Home sharing in Paris, and the insider tips that come with it, makes for a stress-free family holiday, writes Kate Farrelly.
IT WAS the windows that hooked me. They were six metres high, arched and multi-paned, and providing a deluge of natural light across open-plan living spaces and a loft bedroom. Of course, I couldn't be sure all was as it seemed from my desk in Sydney but I was willing to take a chance on this first-floor apartment in Paris.
My family and I - husband, two boys aged four and six and my mum - were headed to France and we had a week to gorge ourselves on all things Parisian. We needed an affordable base that we could comfortably spend time in and hotel rooms simply didn't fit the bill. There were plenty of apartment rentals around but they looked poky and provisions for self-catering were meagre. Then I discovered home sharing.
We could rent the home of a local family while they holidayed elsewhere. The location was agreeable, the windows were perfect and with the Aussie dollar at its perky best, our week's accommodation would cost $1650.
Olivier, Donna and their two children were off to the French Riviera, leaving behind their three-bedroom apartment in Butte-aux-Cailles, a short walk from the Latin Quarter. On the metro line between Corvisart and Place d'Italie stations, this neighbourhood is not part of the tourist circuit but, thanks to the metro, is within easy reach of the Paris highlights.
A trail of emails between Donna and me helped to pave the way for a stress-free week. Instructions on how to make our way from the airport arrived, along with suggested activities for the kids and advice on the best times to visit key attractions. Donna arranged for us to use one of her babysitters and offered to book a restaurant for my mum's birthday.
A major bonus for our family was being given access to the toys, scooters, bikes and books that came with the house - on day one we were hard-pushed getting the boys out the door to see the sights. What fun is the Eiffel Tower when you've got two dozen new action men to battle with?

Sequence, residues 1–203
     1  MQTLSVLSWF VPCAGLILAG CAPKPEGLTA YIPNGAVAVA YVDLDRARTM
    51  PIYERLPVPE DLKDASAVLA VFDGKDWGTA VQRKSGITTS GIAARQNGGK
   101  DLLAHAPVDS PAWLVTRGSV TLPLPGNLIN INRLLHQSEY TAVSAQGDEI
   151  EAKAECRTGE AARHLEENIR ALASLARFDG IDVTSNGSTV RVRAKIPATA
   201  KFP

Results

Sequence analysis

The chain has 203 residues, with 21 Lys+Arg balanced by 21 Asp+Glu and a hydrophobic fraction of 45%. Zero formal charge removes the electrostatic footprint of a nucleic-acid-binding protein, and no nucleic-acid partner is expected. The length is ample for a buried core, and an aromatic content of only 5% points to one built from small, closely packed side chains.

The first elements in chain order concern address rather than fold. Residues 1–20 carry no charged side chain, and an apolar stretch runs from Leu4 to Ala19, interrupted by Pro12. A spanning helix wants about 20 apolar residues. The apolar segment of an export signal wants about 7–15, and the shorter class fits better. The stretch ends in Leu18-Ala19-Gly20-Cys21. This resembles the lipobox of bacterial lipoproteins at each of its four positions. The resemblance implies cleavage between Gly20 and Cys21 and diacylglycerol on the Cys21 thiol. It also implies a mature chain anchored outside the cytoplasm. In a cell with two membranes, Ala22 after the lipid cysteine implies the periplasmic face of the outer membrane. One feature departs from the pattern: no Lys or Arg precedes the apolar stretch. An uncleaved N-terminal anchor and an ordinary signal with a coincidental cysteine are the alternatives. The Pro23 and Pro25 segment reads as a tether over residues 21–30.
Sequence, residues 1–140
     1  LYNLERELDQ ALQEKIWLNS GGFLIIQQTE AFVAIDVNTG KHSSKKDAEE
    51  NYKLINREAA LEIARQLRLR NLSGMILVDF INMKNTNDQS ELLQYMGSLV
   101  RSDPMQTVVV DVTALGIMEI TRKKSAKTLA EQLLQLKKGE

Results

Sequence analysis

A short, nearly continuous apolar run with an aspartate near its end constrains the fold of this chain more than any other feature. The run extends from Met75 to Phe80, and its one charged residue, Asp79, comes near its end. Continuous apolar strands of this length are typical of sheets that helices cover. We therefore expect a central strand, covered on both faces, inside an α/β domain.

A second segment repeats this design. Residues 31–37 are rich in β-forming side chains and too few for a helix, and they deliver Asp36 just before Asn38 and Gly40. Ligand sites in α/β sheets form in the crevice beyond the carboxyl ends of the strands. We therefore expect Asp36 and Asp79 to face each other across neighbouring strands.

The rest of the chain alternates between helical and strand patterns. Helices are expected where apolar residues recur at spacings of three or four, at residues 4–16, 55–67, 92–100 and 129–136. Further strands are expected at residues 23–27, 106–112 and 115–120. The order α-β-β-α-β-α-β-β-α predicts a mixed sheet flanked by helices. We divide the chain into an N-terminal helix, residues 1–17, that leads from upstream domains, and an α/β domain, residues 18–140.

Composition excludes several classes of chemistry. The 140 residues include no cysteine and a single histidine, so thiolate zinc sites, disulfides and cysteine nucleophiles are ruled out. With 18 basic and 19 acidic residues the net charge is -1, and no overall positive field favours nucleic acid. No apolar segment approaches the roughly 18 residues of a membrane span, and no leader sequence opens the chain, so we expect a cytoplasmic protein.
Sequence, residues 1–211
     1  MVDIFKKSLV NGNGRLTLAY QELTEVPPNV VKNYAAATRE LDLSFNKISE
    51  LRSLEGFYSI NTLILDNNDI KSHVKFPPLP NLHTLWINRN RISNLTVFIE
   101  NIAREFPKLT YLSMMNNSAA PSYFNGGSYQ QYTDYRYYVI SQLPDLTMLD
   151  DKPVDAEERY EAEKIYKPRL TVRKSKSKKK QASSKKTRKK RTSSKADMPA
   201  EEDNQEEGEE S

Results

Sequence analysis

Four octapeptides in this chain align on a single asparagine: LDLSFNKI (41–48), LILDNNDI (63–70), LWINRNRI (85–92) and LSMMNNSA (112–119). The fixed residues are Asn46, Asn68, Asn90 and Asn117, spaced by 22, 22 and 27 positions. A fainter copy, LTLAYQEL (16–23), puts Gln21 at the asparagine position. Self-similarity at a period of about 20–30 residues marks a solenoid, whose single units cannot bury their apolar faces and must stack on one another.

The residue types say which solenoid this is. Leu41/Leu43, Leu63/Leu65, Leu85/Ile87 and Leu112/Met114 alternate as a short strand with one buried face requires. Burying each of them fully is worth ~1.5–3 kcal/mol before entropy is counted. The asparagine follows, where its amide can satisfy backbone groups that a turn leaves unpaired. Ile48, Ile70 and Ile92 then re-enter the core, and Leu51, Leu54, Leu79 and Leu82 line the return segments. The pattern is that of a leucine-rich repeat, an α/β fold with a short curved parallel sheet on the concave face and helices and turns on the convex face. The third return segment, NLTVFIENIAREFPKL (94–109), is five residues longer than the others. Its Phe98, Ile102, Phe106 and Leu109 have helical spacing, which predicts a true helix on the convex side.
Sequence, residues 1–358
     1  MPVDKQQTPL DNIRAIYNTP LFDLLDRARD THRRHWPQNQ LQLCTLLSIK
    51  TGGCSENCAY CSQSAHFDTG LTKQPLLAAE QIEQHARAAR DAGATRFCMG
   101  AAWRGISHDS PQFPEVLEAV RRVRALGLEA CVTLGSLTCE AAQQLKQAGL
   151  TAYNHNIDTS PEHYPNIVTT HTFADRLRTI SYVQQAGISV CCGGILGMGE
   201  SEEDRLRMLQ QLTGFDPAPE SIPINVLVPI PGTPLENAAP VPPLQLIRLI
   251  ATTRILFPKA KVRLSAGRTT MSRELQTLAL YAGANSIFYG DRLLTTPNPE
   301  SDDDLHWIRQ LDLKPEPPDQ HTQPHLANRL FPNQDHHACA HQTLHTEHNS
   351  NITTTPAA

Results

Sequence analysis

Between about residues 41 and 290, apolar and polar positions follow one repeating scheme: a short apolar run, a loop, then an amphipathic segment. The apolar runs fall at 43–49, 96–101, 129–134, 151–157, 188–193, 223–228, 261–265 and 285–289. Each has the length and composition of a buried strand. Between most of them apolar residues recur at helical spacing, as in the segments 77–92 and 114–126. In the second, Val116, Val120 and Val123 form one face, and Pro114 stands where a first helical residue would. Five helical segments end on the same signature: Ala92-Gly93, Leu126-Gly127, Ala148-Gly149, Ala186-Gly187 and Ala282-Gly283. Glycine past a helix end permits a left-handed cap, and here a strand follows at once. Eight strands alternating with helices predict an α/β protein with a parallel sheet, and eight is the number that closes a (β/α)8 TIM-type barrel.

The apartment itself, built in 1900 and once an artist's atelier, was as good as the internet photos. Olivier was there to meet us and show us the ropes. The open-plan living room was spacious with those gorgeous windows soaring on both sides of the room. There was a fancy stereo system, cable television and wireless internet. The kitchen was well-equipped, including plasticware the kids couldn't possibly break.
We were invited to use any pantry items we needed and there was a bottle of bubbly to welcome us. Mum claimed the small single bedroom while we headed upstairs to see the main loft bedroom and a third bedroom with bunk beds (and lots of toys) for the boys. Laundry facilities were down in the "cave", a basement area used for storage.
Exploring the area on scooters was great fun for the kids and Donna had left directions to the nearest parks. There was a well-stocked corner store within cooee of the apartment and an enormous Carrefour supermarket at Place d'Italie, a 10-minute walk away. The local boulangerie was hard to beat - and this from a family on a serious croissant-tasting mission.